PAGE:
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The Courage to Say No

13 Aug

So today I called to cancel my doctor appointment for September.   It was a regular follow-up/check-up with my breast surgeon – a little over one year after my lumpectomy.

My doctor/surgeon wanted me to get another mammogram prior to the appointment.  She wants me to get them every six months, for the time being.  My girlfriend, Julia, a breast cancer survivor, said this is typical after a cancer diagnosis.

The problem is I know a mammogram every six months following a cancer diagnosis is the standard recommendation for the first year or two.  But I don’t like it.

I have already voiced my concerns multiple times in this blog about the problem of the primary diagnostic method in this country also being a risk factor for contracting the very disease it is supposed to be diagnosing.  It’s a little crazy, to me, that we could be endangering ourselves while attempting to diagnose ourselves.  But there’s another issue.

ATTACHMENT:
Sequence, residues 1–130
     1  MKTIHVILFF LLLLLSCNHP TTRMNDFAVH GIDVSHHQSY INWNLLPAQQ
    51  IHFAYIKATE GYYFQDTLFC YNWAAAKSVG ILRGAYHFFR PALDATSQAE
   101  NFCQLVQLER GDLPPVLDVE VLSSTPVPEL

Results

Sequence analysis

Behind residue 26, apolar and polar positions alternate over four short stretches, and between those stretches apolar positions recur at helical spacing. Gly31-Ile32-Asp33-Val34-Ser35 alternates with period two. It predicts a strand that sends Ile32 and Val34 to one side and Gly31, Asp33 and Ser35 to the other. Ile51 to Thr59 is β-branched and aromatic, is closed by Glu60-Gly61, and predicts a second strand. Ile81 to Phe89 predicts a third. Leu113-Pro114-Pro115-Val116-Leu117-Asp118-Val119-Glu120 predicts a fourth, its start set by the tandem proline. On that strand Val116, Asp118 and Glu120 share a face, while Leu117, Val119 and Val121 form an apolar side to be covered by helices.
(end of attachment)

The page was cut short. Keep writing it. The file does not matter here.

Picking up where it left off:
Every time there is a mammogram that shows a slight irregularity – ie, microcalcifications, or something that could be either a tumor or a cyst, they’re going to want to do a biopsy.  And many of these biopsies are somewhat invasive – at least from my perspective.  When there are microcalcifications, they must do a stereotactic biopsy in order to properly locate the problem area.  For me, this was a painful procedure.  Twice.  And it does leave a little scar.  I could be wrong, but I have some concern that there will be several times my mammograms are “concerning,” and then several times I’ll have to have a subsequent biopsy, and before you know it, I’ll have received several extra doses of radiation and several more scars on my breasts.

I know what you’re probably thinking.  If it catches cancer in time, then of course it’s worth it!